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Fukushima radiation levels – danger to children

Global resources needed to combat radiation  levels,  by Warren Binford, Sep. 25, 2011  This month marked the half-year anniversary of the Fukushima earthquake and tsunami, and TEPCO and the Japanese government remain unable to control the nuclear emergency that continues to unfold.

Radiation levels exceed the Chernobyl disaster and now reach a level that is unknown to humans or machines. Radiation leakage from the Fukushima Daiichi Nuclear Power Plant was so high in August it exceeded the monitoring equipment’s maximum measuring capacity.

Radiation experts estimate that more than 1 million people will die from Fukushima’s radiation. According to Dr. Tatsuhiko Kodama,

, the director of Radioisotope Center at the University of Tokyo, the amount of radiation released thus far is equivalent to more than 29 “Hiroshima-type atomic bombs.”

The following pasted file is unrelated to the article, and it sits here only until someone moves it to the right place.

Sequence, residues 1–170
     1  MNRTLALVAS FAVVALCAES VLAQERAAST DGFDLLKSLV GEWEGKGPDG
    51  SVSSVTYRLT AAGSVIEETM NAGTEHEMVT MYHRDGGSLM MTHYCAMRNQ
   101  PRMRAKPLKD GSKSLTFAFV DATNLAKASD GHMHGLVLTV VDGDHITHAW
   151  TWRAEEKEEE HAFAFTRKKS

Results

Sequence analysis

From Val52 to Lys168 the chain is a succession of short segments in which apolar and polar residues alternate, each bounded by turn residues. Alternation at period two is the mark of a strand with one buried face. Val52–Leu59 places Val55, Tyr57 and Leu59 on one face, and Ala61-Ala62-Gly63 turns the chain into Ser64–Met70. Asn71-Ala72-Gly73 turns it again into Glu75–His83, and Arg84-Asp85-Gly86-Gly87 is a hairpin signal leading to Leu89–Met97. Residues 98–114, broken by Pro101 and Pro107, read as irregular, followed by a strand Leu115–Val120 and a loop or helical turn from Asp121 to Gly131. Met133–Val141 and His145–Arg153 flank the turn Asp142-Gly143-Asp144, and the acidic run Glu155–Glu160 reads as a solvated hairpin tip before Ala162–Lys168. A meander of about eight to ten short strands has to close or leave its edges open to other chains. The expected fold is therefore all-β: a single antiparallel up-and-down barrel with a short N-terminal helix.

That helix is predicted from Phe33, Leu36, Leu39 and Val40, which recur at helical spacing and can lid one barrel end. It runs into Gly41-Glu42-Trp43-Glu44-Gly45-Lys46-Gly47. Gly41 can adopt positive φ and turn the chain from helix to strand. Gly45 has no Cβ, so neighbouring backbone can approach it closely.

Despite these life-threatening levels of radiation contamination, the majority of pregnant women and children in Fukushima have not been evacuated and they occupy facilities that are unsafe. Their exposure to unhealthy levels of radiation places them at higher risks of cancer and other medical conditions, including death. It is time for the international community to become more involved.

Last month, half a dozen Japanese non-governmental organizations petitioned the United Nations Office of the Commissioner for Human Rights to investigate the widespread violation of children’s rights in the Fukushima region. Fukushima prefecture is approximately the size of Connecticut with a population similar to Houston (just over 2 million residents).

Prior to the earthquake and tsunami in March, 385,940 Fukushima residents were children and teenagers. Today, these children are facing widespread discrimination that risks their lives and health….

September 26, 2011 - Posted by | health, Japan

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